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Fight the Real War
Stabilizing Iraq while Iran and al Qaeda are ascendant is not "victory."


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Andrew C. McCarthy

Iraq is disintegrating, and no one knows quite what to do.

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Some, like congressional Democrats, a growing chorus of disaffected Republicans, the vaunted Baker-Hamilton Iraq Study Group, and departing Defense Secretary Donald Rumsfeld, think the answer is fewer American troops. Others, prominently including National Review’s Rich Lowry, aptly point out that the only stable precincts in Iraq (at least outside the Kurdish region, the war’s much ignored success story) are those that enjoy a high concentration of American troops. Wherever we see the political establishment’s preference for a light U.S. footprint, chaos reigns.

So the question naturally arises: Do we need more troops? Answer: For … what?

To his great credit, President Bush has firmly resisted the cut-and-run approach through all the cheery euphemisms the Diplomats’ Thesaurus offers for surrender — “draw-down,” “redeployment,” “phased withdrawal,” etc. The president knows that, unlike all the solons offering him advice, he will be accountable to history for the results.

He knows, because the enemy constantly reminds him, that we drew down from Lebanon after Hezbollah murdered 241 marines in 1983; a decade later, we redeployed from Somalia after the “Black Hawk Down” incident.

The result of such phased withdrawals? They bought us a more robust jihadist network, swelling with confidence and recruits because Americans didn’t seem to have the stomach for a fight. Because America appeared to be bin Laden’s “weak horse.” They bought us Khobar Towers, the embassy bombings, and the Cole. They bought us 9/11.

WHAT IS “VICTORY”?
So, no, says the president. We are staying in Iraq until we win. Great. But what is winning? What is the “victory” we are seeking?

On this, there is no consensus. That is why Americans have soured on Iraq. History proves that the American people have plenty of stomach for a hard fight, however long it takes, if they understand and believe in what we are fighting for. And this, consequently, is where history will condemn the Bush administration.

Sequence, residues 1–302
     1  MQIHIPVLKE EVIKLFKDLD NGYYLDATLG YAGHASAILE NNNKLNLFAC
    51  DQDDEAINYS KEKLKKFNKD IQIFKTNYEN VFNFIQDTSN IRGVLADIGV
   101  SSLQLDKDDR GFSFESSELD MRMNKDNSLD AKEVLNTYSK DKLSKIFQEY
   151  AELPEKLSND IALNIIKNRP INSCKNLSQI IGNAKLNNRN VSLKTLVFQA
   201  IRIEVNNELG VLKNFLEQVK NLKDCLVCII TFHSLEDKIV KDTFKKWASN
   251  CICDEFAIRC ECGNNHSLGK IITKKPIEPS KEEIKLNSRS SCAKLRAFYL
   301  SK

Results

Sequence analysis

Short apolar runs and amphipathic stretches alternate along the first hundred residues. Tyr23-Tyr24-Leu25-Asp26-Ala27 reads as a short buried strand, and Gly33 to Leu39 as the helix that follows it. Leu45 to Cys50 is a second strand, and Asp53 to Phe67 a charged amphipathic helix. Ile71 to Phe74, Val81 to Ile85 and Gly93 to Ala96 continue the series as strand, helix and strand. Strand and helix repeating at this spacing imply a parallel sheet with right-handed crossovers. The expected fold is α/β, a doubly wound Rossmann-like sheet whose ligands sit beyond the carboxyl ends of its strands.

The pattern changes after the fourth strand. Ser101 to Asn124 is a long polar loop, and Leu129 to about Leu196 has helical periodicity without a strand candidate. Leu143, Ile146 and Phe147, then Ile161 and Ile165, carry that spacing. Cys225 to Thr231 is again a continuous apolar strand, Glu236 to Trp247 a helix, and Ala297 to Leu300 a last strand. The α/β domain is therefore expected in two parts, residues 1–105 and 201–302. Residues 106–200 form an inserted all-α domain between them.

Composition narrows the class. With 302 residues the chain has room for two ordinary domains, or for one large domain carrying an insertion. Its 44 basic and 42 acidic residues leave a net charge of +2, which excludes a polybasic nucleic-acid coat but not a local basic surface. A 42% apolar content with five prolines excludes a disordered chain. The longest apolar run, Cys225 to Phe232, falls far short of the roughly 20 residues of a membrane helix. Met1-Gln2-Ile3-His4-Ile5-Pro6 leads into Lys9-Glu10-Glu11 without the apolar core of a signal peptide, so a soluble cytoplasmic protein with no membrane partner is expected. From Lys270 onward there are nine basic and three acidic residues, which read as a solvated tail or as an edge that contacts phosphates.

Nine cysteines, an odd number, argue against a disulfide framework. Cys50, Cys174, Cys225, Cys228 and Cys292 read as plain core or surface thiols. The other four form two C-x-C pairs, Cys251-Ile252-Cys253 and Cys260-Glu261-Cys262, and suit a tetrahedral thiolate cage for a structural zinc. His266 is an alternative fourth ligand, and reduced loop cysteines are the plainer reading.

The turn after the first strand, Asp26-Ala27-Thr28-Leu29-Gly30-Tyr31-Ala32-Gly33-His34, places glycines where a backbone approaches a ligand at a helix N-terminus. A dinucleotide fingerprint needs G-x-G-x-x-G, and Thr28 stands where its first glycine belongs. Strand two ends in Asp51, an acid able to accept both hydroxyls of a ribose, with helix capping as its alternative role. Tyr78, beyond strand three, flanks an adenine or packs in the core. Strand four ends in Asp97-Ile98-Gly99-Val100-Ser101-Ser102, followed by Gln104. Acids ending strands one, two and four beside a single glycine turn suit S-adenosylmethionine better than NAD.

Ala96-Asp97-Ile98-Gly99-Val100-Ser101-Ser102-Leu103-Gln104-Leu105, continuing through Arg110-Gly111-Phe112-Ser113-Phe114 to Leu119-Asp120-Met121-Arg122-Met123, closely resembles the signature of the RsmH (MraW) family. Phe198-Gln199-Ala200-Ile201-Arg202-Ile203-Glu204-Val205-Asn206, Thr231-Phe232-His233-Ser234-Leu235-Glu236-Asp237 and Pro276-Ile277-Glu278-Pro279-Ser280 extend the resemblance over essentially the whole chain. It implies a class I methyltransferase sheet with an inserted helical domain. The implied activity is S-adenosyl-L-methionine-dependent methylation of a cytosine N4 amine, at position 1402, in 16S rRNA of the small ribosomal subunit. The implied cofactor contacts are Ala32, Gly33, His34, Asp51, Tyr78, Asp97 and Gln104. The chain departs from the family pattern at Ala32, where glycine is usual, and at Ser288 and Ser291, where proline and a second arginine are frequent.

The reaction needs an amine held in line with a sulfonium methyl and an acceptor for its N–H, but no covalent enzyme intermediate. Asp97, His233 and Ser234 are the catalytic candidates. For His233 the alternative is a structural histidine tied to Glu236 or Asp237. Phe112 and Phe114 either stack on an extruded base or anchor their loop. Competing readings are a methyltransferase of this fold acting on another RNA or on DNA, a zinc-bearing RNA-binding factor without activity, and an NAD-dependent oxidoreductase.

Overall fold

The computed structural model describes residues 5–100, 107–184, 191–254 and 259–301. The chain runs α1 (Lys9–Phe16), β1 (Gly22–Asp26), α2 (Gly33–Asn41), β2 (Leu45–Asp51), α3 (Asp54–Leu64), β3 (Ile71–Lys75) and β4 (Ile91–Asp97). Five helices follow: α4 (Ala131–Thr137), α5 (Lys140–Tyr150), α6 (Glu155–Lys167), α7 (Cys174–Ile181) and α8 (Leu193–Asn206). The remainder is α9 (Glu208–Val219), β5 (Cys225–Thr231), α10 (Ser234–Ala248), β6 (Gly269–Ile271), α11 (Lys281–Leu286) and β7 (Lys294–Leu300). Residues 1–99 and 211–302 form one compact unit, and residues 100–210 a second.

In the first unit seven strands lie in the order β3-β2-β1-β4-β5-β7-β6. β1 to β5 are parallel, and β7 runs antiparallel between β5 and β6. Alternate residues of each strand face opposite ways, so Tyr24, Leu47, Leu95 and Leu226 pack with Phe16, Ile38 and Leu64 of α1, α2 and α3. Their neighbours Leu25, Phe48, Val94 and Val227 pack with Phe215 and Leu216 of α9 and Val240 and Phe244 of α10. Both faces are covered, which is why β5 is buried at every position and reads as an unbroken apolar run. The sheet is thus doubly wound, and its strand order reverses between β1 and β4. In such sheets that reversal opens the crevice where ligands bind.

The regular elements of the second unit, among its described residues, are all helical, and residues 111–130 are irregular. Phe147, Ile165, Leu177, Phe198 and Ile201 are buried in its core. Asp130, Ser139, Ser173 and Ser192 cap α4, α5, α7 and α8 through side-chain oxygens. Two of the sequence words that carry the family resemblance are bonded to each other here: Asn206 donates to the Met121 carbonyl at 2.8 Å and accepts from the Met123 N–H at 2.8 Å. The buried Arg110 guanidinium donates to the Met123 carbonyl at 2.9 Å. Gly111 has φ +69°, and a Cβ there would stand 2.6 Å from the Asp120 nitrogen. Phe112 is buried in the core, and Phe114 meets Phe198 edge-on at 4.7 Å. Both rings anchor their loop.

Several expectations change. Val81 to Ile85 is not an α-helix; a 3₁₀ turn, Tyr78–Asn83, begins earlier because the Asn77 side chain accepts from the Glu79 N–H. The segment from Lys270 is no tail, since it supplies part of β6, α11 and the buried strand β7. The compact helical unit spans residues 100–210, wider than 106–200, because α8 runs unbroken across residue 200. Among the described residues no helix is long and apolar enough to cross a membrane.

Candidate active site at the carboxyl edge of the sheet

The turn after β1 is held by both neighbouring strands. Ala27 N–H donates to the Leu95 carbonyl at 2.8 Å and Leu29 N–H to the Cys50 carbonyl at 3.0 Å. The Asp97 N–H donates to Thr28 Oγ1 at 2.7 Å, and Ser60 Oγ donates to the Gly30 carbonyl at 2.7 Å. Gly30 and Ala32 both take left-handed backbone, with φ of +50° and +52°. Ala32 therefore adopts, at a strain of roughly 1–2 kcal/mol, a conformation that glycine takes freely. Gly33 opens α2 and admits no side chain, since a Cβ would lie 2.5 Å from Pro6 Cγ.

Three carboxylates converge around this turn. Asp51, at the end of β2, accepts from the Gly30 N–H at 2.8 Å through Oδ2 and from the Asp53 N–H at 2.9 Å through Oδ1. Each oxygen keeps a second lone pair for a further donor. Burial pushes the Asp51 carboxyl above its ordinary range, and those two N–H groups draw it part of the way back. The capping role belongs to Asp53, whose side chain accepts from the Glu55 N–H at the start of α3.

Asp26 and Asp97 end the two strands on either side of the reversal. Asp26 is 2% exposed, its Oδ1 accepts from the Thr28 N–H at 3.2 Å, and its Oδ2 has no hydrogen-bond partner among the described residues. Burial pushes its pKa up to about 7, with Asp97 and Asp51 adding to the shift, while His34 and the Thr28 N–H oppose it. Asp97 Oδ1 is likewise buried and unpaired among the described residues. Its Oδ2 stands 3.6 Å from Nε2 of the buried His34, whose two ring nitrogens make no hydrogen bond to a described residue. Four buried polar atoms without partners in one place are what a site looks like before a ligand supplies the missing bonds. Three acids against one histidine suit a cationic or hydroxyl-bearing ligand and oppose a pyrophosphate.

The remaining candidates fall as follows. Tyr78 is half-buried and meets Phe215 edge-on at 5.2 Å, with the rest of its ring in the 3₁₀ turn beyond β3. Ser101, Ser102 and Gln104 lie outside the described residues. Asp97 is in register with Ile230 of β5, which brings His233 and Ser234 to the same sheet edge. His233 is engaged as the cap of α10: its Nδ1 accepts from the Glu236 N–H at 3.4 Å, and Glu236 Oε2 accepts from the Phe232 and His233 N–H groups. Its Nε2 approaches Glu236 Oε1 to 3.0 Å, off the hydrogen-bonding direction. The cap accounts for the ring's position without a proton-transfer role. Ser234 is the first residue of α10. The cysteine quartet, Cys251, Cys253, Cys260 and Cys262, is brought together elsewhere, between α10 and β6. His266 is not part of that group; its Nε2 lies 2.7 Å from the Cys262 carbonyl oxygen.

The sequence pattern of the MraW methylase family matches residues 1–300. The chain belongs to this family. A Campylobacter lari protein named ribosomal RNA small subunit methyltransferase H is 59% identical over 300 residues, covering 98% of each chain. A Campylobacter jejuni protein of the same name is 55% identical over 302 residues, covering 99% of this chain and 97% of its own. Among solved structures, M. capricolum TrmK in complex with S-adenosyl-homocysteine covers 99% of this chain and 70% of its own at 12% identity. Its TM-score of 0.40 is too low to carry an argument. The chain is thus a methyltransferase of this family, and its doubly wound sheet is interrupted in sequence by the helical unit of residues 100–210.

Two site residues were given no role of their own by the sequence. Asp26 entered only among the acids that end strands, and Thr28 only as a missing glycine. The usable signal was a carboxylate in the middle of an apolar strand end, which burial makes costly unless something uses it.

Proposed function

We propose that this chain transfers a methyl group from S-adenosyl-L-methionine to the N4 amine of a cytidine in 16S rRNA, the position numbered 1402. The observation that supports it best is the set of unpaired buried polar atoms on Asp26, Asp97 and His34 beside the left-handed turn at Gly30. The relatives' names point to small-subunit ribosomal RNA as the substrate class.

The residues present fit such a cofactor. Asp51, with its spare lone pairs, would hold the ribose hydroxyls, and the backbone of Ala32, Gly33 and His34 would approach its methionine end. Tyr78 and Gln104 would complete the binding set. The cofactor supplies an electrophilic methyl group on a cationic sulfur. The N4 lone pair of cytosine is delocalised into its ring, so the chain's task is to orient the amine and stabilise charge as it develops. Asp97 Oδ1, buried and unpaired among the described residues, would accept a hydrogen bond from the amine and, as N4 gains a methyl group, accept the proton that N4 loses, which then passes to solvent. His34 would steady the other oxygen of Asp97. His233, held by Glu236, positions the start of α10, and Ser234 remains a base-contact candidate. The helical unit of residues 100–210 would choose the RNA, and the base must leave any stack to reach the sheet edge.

Leadership, too often, has been rudderless. After 9/11, the president deployed our armed forces but told the American people the best thing they could do was go on with their lives — go shopping, lest the terrorists win. There was no sense of shared sacrifice. No stressing that the nation as a whole had a vested interest in facing down not just a relative handful of terrorists but a fundamentalist ideology, shared by millions, calling remorselessly for our destruction.

Our military, alone, was left to bear the burdens. The 9/11 attacks were left to speak for themselves … and they faded from elite memory in about the time it took for habitués of the New York Times’ West 43rd Street offices to forget those two tall buildings they used to gaze on from their windows.

Perhaps worse, after rallying and winning reelection strictly because Americans trusted him more than Sen. Kerry to protect our security, the president went dark. From November 2004 until the middle of the following year, President Bush, leading a nation at war, was virtually mum on the subject. There were political reasons for this — there always are. We hadn’t found Saddam’s weapons; addressing the war risked reminding the public of intelligence failures and premature “mission accomplished” bravado; the administration wanted to use its pre-lame-duck months to focus on Social Security, immigration, and the rest of its legislative agenda; and so on.